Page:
|TABLE OF CONTENTS|
|Jamming With A Song|
|The Apple Menu|
|The File Menu|
|The Edit Menu|
|The Jam Menu|
|The Options Menu|
|Super Studio Session Compatibility|
There are some new and exciting features in this version of Jam Session. Here is a brief excerpt of those features:
Jam Session now works with most versions of the Macintosh System Software from System 6.0.7 on up. In addition, Jam Session works with most Macintosh computers, from a Macintosh Plus to the PowerBooks, Quadras, Centrises, and AV machines. However, it may not work with all the new PowerMacs.
2. New Graphics
All of the graphics for Jam Session have been updated, improved, and basically, made beautiful!
In addition, we hope you like the look of our new manual. Please do not hesitate to email us with questions.
Jam Session consists of the following:
1. Jam Session Application Program
This contains the Jam Session application program, the animated scenes for use with Jam Session, and the songs and instruments included with this version of Jam Session. Jam Session provides digitized instruments in combination with music composed by professional songwriters. Jam Session allows you to play sizzling solos and melodic passages with a variety of instruments while the program acts as a backup band for you. Jam Session automatically takes care of all chord changes and other nitty gritty musical details so youll never hit a sour note. Although Jam Session prevents you from making mistakes, it doesnt stifle your creativity. The special way in which Jam Session songs are created leaves plenty of room for you to be the star of your own show!
To install Jam Session, insert Disk 1. Double click on the Jam Session Installer. Click Continue. A dialog box will appear which shall state Install software as and the name shall already be designated as Jam Session. Click Save. The Installer shall then prompt you for the other disks. At the end, you shall have a folder on your hard disk entitled Jam Session. Inside the folder shall be the Jam Session application icon, a Songs folder, a Scenes folder, and an Instruments folder.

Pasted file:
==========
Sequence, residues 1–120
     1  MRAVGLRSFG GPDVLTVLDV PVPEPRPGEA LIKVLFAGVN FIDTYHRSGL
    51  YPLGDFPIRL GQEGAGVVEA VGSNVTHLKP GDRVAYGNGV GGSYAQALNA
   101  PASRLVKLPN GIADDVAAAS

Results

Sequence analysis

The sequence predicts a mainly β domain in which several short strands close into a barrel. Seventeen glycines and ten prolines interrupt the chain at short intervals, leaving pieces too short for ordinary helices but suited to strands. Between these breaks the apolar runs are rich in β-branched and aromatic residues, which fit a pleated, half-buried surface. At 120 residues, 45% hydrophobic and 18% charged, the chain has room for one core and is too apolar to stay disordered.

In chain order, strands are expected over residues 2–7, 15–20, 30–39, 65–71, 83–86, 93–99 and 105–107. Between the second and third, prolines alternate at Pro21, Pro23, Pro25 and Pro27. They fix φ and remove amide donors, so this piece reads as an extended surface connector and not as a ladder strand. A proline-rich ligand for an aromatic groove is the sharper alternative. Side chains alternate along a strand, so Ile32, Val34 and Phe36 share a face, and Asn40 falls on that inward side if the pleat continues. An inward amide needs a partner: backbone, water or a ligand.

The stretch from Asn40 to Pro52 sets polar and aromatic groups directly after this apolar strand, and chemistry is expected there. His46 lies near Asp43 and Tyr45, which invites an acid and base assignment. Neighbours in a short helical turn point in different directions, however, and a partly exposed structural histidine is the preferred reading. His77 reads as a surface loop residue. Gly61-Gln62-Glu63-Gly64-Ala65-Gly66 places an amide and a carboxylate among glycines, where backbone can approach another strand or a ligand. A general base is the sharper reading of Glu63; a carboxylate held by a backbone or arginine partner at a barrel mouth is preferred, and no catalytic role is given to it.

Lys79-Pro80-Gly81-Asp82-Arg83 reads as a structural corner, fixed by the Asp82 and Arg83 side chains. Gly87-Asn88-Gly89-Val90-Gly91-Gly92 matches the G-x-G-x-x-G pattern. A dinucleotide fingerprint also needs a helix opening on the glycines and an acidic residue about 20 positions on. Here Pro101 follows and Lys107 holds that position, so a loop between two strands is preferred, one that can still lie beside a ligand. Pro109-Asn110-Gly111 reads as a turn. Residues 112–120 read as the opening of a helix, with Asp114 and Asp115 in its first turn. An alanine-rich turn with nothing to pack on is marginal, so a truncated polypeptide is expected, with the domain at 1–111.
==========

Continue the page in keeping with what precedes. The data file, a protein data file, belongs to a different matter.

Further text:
We hope you like the look of our manual. We have organized it to give you first a brief introduction to Jam Session. This manual then gives you a description of all of the different menu commands available in Jam Session. And, lastly, there are appendices which describe external hardware that you might want to use while playing Jam Session and Jam Sessions compatibility with Super Studio Session also by Bogas Productions.
Jamming with a Song
To play along with any song follow these steps:
1. If your Macintosh is connected to an external sound system, such as a stereo or portable cassette player, turn on that equipment first but make sure the volume is set at first to a low level.
2. Double click on the Jam Session icon. An animated title screen, as shown below, will appear in color or black and white, depending upon your monitor. Choose any of the menu commands to stop the animation and initiate the Jam Session program.
3. To play a Jam Session song, choose the Open command from the File menu. A dialog box as shown below will appear displaying a list of available songs. Check that the radio button next to Jam Session at the bottom of the dialog box is selected. For demonstration purposes, look for a song entitled Chicken Jamboree. Double click on the file name Chicken Jamboree to select it or click on it and select Open.
Note: When opening or playing a song, Jam Session may ask you for the location of certain instruments that are included in the song. If it does, locate the Instruments folder, which contains all the needed instruments, and click the Open button. You do not need to find the exact instrument, Jam Session will take care of that automatically.
Scenes: Jam Session selects the animated scene that is most appropriate for the type of song you have opened. However, you may choose another scene by clicking the Choose Scene check box as shown in the dialog box below.
A dialog box will appear asking you to select the scene in which to play your song. Click on the scene you want and click the Open button.
4. To start the song, choose the Play command from the Jam menu. The menu bar at the top of the screen will disappear. You will first hear some audience applause and then the music will start to play. If you dont hear anything, make sure that your volume setting is at an appropriate level. If you want to stop the music, simply press the mouse button and the menu bar will reappear. To start the music again, choose the Play command from the Jam menu.
5. Once the music starts playing, you can jam along by pressing the letter or number keys on the Macintosh keyboard. Each row of the keyboard plays different riffs. Feel free to experiment - with Jam Session you cant hit a wrong key or make a mistake!
To get a better idea of what each key does, choose the Keyboard Index command from the Options menu. A window will appear displaying the musical functions for each row of keys in addition to any special keys as shown below.